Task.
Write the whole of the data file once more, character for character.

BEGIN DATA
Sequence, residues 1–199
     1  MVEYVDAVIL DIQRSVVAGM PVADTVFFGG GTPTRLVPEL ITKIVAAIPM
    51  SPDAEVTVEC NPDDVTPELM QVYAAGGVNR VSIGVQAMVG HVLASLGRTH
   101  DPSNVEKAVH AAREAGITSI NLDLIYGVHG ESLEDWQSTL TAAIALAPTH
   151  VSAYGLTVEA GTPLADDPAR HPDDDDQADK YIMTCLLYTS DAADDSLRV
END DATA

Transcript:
Sequence, residues 1–199
     1  MVEYVDAVIL DIQRSVVAGM PVADTVFFGG GTPTRLVPEL ITKIVAAIPM
    51  SPDAEVTVEC NPDDVTPELM QVYAAGGVNR VSIGVQAMVG HVLASLGRTH
   101  DPSNVEKAVH AAREAGITSI NLDLIYGVHG ESLEDWQSTL TAAIALAPTH
   151  VSAYGLTVEA GTPLADDPAR HPDDDDQADK YIMTCLLYTS DAADDSLRV